On September 4 when Toyosi spoke with one Sarah Jones, a staff of Borkowski, Sony’s publicist in the UK, she said he could not say if WTS was in partnership with Sony. Emails were sent to Sony offices in Asia Pacific, Australia, China, Gulf, Honk Kong, India, Indonesia, Korea, Malaysia, New Zealand, the Philippines, South Africa, Singapore, Taiwan, Thailand and Vietnam. On September 13, a reply came from one Neil D’Sylva of Sony Gulf: “As of now, we do not have any information regarding this and we are currently checking with our headquarters. We will keep you updated should we receive any feedback from them.” We ran a check on Sony’s website and did not find WTS as its authorised dealer. To date, we have not heard from Sony Gulf, which also looks after Africa.

Where is the money going? The minister’s fan club either insists that it’s not her business to answer or that NTA, being NTA, can have a joyride for N8.2bn with no questions asked. We are told to turn a blind eye to the milkman and ask the cow how the milk was produced. We did and your moo is as good as mine. In response to our question, the DG for Public Procurement, Emeka Eze, said, “Our job is to make sure that the process is transparent by certifying that the contract is duly advertised and to make sure that the company is pre-qualified. We also certify the amount advertised for the contract to make sure that the amount quoted by the eventual bid winner will guarantee value-for-money. After we are satisfied with all this, we can then issue ‘no objection certificate.’” Then, he added the clincher:  “The law expects the MDA's to carry out due diligence on the companies they are putting forward.” Translation: Ask the minister.

It’s over two months now since we first posed the questions to the minister, how exactly was a contract of N8.2bn awarded to a firm that for all practical purposes, is only an agent, if at all? How come the South Africans that are hosting a far bigger competition, are spending almost N2bn less than what Nigeria is spending to “upgrade” and “refurbish” its own equipment? What really is Sony’s role in all this? The minister can be sure that if she does not provide satisfactory answers, the questions will not go away.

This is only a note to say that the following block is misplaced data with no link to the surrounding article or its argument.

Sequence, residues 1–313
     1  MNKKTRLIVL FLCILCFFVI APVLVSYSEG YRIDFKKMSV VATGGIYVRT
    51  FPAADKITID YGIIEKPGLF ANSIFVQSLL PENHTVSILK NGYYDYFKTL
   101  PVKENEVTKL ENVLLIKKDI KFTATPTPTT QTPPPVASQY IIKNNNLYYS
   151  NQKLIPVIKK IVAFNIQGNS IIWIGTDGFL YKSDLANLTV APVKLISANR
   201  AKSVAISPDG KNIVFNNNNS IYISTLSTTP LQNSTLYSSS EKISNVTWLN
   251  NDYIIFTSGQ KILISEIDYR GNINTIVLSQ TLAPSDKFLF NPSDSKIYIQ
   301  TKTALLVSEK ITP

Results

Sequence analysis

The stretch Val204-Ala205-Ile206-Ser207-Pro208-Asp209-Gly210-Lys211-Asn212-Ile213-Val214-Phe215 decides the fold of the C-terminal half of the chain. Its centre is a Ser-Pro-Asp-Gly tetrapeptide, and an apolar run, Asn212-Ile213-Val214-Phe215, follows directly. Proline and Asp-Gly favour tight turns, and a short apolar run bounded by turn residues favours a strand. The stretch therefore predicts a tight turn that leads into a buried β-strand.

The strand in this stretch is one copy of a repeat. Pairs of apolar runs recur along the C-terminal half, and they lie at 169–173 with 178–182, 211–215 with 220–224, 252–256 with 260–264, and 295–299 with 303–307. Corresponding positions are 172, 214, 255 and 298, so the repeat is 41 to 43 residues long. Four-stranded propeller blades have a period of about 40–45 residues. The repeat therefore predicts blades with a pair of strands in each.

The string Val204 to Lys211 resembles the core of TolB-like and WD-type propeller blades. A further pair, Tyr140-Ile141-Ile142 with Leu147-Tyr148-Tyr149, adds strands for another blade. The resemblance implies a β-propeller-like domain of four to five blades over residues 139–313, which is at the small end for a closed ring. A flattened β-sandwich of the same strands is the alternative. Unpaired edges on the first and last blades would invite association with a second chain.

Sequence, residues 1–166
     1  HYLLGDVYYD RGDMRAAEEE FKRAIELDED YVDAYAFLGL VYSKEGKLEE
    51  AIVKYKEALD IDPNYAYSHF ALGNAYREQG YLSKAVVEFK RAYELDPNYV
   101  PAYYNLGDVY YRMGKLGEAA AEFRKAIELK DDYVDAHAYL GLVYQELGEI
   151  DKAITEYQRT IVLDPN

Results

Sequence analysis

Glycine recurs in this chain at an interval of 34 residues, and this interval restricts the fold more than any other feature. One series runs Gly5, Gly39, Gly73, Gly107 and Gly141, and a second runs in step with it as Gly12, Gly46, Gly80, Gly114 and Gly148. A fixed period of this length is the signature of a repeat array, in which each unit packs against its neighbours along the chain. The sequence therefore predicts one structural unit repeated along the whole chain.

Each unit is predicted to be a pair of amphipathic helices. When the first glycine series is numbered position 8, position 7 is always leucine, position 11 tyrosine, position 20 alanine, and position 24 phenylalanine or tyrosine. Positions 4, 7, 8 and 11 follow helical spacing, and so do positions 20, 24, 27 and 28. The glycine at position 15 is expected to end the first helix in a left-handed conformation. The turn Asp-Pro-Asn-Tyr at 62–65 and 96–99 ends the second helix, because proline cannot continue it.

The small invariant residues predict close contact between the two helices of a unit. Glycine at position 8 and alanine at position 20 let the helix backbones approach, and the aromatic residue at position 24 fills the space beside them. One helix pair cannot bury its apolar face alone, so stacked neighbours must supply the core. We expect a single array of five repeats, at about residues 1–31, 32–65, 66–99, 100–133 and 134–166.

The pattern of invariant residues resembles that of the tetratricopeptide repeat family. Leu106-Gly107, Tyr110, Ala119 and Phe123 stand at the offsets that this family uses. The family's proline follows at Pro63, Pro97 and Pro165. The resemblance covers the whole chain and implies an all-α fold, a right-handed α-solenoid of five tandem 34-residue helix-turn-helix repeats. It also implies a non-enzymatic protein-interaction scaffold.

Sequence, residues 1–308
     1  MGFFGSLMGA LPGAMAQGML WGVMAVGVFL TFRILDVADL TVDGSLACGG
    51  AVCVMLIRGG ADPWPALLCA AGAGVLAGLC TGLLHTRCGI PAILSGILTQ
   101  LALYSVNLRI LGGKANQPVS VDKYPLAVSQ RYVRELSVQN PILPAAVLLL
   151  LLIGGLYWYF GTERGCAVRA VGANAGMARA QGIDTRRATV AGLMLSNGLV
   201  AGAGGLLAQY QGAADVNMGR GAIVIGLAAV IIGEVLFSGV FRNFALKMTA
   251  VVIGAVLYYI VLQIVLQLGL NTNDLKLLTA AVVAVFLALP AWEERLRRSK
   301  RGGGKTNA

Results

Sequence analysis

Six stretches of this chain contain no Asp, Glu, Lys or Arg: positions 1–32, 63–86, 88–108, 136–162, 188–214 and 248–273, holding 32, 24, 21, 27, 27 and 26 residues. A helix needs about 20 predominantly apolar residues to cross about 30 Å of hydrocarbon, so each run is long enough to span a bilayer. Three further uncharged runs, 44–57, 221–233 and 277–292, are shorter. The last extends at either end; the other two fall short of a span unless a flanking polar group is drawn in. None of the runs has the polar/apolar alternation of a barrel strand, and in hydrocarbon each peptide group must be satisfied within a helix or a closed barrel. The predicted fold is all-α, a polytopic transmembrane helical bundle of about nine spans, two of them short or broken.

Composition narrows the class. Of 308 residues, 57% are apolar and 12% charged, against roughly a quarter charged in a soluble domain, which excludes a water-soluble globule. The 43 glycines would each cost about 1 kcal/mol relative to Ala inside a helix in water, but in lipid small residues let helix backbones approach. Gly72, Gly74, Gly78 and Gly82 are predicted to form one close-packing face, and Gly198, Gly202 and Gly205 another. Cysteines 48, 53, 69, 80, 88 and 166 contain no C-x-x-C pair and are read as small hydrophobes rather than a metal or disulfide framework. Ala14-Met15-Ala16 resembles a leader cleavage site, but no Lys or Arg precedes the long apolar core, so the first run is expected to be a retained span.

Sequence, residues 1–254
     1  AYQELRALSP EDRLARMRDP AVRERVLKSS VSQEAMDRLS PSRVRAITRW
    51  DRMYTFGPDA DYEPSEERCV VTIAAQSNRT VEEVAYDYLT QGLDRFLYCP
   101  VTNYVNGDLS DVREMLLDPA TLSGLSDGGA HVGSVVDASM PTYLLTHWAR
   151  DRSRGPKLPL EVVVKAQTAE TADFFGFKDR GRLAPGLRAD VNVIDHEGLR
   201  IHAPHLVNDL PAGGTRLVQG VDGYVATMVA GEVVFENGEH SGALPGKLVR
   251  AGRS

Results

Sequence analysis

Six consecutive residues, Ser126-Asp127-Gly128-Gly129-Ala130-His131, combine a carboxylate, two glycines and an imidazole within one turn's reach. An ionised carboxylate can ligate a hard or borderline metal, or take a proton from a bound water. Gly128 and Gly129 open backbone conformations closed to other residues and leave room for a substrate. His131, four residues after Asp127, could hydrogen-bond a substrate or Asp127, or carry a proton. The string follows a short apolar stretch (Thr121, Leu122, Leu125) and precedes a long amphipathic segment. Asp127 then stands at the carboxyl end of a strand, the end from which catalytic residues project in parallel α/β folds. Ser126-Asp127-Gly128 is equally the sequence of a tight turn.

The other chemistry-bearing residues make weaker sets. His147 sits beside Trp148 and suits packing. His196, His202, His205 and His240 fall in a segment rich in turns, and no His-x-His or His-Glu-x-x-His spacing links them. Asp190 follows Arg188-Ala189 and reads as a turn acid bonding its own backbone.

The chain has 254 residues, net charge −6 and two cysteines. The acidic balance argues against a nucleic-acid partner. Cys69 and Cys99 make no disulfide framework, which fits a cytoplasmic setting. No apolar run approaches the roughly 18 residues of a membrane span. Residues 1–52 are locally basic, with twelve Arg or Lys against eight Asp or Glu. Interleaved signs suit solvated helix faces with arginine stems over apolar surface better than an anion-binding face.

A word for Onovo and Sanusi

The Inspector General of Police, Ogbonnaya Onovo, shoved his foot in his mouth last week when he challenged journalists to produce the photographs of Nuhu Ribadu’s condolence visit to the late Gani Fawehinmi’s family, as proof that the former EFCC boss sneaked into town.

Not one, but two different pictures of the visit were published for the doubting IG to see and to keep. For all that has been said about his credential as a top cop, it has taken Onovo over 30 years in the police to find out what we all know – that camels do routinely pass through the needle’s eye. If the police didn’t know about Ribadu’s visit even though the mortuary where he went to see Gani’s remains is only separated by a wall from a police area command, then our worst nightmares are not over yet. Instead of passing the buck, Onovo should cover his face in shame.

As for the Central Bank Governor, Sanusi Lamido Sanusi, two quick points before the final audit reports on the remaining 14 banks are released. One, he must publish the names of all those with non-performing loans in all the banks audited. Fairness and transparency demand nothing less. And two, a uniform standard must be set for all the banks on what percentage of non-performing loans the bank executives are authorised to write-off. Silence will not only encourage arbitrariness; it will give the current bank executives ample room to do under the table deals with debtors. If Sanusi falls short of any of these two points, it will be the beginning of the end for him.